Set in 1829 and based on a true story, Burial Rites follows the story of Agnes Magnúsdóttir, the last woman who was executed in Iceland. Having been convicted of murdering her former master, Natan, Agnes is sent to an isolated farm to await her execution. The family who owns the farm is horrified by this turn of events. Jón Jónsson, the farmer, is resigned to the family’s role, but his wife, Margret, is furious at being forced to risk their daughters’ safety by housing such a woman. As Agnes awaits her execution, she has selected a young priest named Tóti to be her spiritual adviser; no one knows why she has selected such an inexperienced person for the task, especially since she has no previous ties to him.
Margret puts Agnes to work around the farm, keeping a strict and watchful eye on her every move. Agnes willingly and ably follows orders, stopping only when Tóti comes by for their sessions together. Haltingly, Agnes’s life story begins to take shape, and the truth behind her involvement in Natan’s death begins to emerge.
Greetings from Chennai, formerly Madras, where today’s author was partly raised. My friend and I have been here for a few days and are heading out tomorrow. It’s safe to say that the highlight of my stop in Chennai happened last night. My friends and I had a chance to take a private South Indian cooking class in a lovely Brahmin woman’s home, so we got to learn a little more about Tamil culture on a personal level. It was amazing: great food, great spices, great coffee — OMG for real, the coffee — and great conversation! To be honest, it’s been one of the highlights of my entire stay in India! I didn’t want the night to end.
I came to know Padma Lakshmi the way a lot of people did. Lakshmi started her career as a model, has some acting and cookbook credits under her belt, and was once married to Salman Rushdie, but most people probably recognize her as the host of Top Chef on Bravo. Back then, I sometimes wondered about her connection to food, something that she admits to having second-guessed herself about as well. Any doubts about her “food cred” are put to rest in this memoir.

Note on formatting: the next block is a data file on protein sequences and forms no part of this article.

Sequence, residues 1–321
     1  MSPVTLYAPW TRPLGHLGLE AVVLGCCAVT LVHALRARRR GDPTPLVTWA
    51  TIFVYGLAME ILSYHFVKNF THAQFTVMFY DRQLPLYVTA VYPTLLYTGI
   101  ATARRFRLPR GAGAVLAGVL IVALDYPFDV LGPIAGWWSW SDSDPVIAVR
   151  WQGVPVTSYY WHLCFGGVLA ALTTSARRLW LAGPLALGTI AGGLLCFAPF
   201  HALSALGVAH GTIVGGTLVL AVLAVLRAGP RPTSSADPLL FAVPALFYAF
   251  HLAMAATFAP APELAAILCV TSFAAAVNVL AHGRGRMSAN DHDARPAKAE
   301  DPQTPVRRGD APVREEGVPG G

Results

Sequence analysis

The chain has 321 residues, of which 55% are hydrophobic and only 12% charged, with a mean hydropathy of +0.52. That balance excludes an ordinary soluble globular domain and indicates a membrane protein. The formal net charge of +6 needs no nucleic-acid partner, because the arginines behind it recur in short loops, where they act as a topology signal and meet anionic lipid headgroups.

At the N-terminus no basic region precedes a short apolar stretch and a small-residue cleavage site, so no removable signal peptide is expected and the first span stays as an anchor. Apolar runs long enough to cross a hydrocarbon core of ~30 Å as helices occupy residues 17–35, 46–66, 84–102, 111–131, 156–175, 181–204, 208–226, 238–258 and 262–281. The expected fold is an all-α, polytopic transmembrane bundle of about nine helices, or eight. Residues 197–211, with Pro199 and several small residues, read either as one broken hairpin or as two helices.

Lakshmi’s mother comes from a conservative Tamil culture, but after failed relationships, including the one with Padma’s father, she moved to New York to start over. Padma was left in India in the care of her grandparents, and once her mother had a stable income, Padma immigrated to the United States as well. She writes of all the new foods she was exposed to, including some interesting concoctions she and her mother came up with since they were Brahmin vegetarians in an area that was decidedly less vegetarian friendly back then.
Greetings from Kolkata, formerly known as Calcutta! I’m actually not staying here long at all because my travel plans changed recently; I’m just here on a short layover, and I’ll probably be gone by the time you see this post. I read this book in advance of my trip, though. As you’ll see, this Saroo Brierley’s Calcutta story is so mind-boggling and extraordinary that it’s hard to believe it’s all real!
When he was five years old, Saroo Brierley snuck out with his brother to tag along while his brother cleaned the local rural train station. His brother told him to stay put and wait for him to return, and Saroo fell asleep on a bench. It was night when he awoke, and here was no sign of his brother. Scared and disoriented, Saroo got on a train and fell asleep. When he woke up again, he got off the train, and not recognizing anything, jumped on the next train thinking it would take him back home.